Hosting Woes Continue

You probably haven’t noticed but my server has been going down at least once every two days. The Apache web server process is dying and I don’t know why. I just have to turn it back on by hand.

After the Bluehost.com cluster fuck, I moved to Media Temple. They seemed like a good fit, but turned out to be a little too good. On the Dedicated Virtual plan I got with them ($50/mo) they expect you to have an onsite admin at all times. They don’t offer any tech support.

I emailed to ask them what was going on with my server and they responded with directions for reading the error logs through SSH or some shit.

So it looks like I’ve bitten off more than I can chew (and afford) with them.

Last time around everyone was creaming over DreamHost.com. Do you use them? Any problems? Any major successes? Did they survive the “Digg Effect” for you?

At least I dont have 48 hours to decide like last time. I can take my time, plan ahead and make the transition easy.

UDPATE:

Nevermind: Server Karate was performed by Farris and I’m just reaching my guaranteed Memory limit rather often. Memory upgrades with Media Temple are outrageous, but I’m definitely not moving back (down) to shared hosting. That is unless there is a new share hosting provider with HIGH Mem and CPU limits.

Looks like I’m well on my way to need a REAL dedicated box.

Posted in Blog.

19 Comments

  1. Actually I don't agree with that. To me the defining factor between geek and nerd is less about knowledge, and more about social characteristics. Both a geek and nerd have a certain mindset, and tend to be well read, particularly on trivia in their areas of expertise. For instance, and band geek would probably know all kinds of music trivia, and likewise a computer geek would tend to know a lot of computer trivia, and of course logically a movie geek would know a lot about movies. The defining characteristic between a nerd and a geek is really more how socially inept they are. A nerd has no social skills, will tend to bumble around, and generally fails to pickup or understand social queues most people take for granted in conversations (interesting comparison to aspergers syndrome there, something many geeks/nerds are accused of being borderline on). A geek should be able to sit down with just about anyone and have a conversation, a nerd on the other hand would struggle unless they happened to be talking about his area of expertise.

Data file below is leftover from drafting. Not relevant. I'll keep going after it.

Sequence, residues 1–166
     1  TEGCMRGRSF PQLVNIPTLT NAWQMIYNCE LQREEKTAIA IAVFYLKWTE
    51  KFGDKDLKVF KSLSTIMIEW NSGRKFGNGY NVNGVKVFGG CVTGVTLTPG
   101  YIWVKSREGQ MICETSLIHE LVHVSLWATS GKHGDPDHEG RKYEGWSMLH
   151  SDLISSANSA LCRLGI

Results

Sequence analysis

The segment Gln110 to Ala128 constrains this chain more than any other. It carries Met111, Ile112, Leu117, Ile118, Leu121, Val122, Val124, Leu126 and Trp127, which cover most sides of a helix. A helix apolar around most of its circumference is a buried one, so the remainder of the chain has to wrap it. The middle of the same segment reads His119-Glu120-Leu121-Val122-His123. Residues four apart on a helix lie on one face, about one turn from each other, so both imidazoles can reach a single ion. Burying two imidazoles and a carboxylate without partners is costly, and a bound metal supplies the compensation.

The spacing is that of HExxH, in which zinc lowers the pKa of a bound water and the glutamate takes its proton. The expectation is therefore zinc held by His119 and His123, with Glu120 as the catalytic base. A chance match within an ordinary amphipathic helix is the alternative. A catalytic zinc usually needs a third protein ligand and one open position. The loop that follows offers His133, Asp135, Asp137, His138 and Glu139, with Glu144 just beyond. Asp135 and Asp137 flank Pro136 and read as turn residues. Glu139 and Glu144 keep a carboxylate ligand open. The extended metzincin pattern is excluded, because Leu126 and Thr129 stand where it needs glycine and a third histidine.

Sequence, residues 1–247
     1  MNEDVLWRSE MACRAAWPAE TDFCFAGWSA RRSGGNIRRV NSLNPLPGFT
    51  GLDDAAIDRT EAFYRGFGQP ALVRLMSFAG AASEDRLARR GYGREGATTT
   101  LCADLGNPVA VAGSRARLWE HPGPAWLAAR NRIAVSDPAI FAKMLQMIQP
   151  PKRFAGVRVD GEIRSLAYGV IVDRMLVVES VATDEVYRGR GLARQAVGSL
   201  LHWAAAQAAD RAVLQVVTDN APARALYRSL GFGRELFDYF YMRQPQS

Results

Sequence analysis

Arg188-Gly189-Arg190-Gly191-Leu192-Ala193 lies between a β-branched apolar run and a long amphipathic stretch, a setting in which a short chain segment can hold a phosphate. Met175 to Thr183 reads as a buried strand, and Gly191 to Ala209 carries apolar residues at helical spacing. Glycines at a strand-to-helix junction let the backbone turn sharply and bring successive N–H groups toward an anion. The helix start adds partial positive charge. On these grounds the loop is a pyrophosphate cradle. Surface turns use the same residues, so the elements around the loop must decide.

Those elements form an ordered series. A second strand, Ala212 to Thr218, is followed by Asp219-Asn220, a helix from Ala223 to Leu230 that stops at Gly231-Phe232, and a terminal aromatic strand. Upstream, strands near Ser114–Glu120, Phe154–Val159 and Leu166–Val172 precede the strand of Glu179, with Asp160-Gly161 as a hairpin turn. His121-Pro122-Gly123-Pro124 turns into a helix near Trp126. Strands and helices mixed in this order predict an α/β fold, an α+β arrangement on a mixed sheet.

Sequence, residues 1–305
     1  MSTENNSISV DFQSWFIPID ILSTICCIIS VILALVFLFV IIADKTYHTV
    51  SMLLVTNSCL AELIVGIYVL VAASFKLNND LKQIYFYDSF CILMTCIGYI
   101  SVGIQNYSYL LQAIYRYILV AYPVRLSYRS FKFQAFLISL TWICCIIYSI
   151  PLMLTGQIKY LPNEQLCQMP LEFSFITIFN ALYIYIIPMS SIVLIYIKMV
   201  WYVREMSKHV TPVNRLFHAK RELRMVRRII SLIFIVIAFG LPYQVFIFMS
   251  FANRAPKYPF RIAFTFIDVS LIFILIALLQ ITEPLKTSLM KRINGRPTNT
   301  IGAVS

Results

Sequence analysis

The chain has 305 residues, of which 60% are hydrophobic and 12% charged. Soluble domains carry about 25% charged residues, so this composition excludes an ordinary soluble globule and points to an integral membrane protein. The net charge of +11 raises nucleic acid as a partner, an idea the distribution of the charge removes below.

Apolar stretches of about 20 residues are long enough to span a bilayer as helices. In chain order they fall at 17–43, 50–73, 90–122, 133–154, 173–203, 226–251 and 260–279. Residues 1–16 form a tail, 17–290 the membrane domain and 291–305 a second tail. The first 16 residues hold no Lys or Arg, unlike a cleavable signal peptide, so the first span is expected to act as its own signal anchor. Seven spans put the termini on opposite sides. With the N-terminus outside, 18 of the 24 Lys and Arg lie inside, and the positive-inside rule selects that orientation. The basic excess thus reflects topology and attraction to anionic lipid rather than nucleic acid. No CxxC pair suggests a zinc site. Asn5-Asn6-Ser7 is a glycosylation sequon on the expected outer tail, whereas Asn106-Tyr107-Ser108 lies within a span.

2. As a former web admin of a VERY heavily trafficked site, you seem to misunderstand exactly what kinds of requirements a webserver has. Assuming you're serving static content, you can get by with a pretty weak box. I'm talking something in the lines of a 500 Mhz CPU, and 512M of RAM. Your limiting factor in that case is of course your ISP and whatever transfer caps you have in place. For something doing dynamic content a more robust system is of course required, but that can scale wildly depending on what your doing, what languages you're using, if everything is running on the same server or if you have a separate DB server, and even if the guys who wrote the code knew what they were doing or not. Honestly I'd be highly surprised if he's using more than 512M of RAM to host this site, and if he is I'd suspect shoddy code on the server.

  3. Hey, give me some details on this and I'll see if I can help you out (I'm a web developer by trade). What language are you using for the backend, what's your memory cap, and what's your average memory usage. As I said in another post, you probably shouldn't be using very much memory as most of the contents of your site is fairly static, and most of the dynamic content (IE this comment system) is hosted externally.

  4. oh, here we go, the continuous debate of "nerd vs geek." now that both terms are so fashionable and everyone (even celebrities! hot ones!) is claiming to be one or the other, it's funny that "you're no geek!" has actually become an insult. ;-P

  5. I really didnt want to start this debate. Just dont try and call me out and NOT being a geek (which I am because I feel it in my very DNA) because Im not down with proper server maintenance skills. Thats a cheap shot.